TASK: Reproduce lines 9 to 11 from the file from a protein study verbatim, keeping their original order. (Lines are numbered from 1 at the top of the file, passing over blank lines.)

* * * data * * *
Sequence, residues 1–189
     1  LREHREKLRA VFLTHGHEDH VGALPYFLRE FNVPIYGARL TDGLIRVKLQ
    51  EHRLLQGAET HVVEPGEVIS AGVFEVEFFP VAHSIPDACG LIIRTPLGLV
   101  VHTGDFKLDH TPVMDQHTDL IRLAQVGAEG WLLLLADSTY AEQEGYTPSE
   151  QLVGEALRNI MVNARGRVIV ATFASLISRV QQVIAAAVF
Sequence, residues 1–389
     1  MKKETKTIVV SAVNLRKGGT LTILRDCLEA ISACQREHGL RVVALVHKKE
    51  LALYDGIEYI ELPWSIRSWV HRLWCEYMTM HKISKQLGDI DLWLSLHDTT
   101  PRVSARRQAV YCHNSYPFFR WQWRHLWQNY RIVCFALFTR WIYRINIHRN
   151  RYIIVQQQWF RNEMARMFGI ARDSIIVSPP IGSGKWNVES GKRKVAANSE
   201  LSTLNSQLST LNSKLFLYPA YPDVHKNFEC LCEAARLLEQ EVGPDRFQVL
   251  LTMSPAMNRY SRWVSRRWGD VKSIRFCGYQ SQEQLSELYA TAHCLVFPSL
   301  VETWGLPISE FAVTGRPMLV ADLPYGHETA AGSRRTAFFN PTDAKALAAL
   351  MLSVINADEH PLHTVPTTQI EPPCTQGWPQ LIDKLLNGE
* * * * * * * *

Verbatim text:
   101  PRVSARRQAV YCHNSYPFFR WQWRHLWQNY RIVCFALFTR WIYRINIHRN
   151  RYIIVQQQWF RNEMARMFGI ARDSIIVSPP IGSGKWNVES GKRKVAANSE
   201  LSTLNSQLST LNSKLFLYPA YPDVHKNFEC LCEAARLLEQ EVGPDRFQVL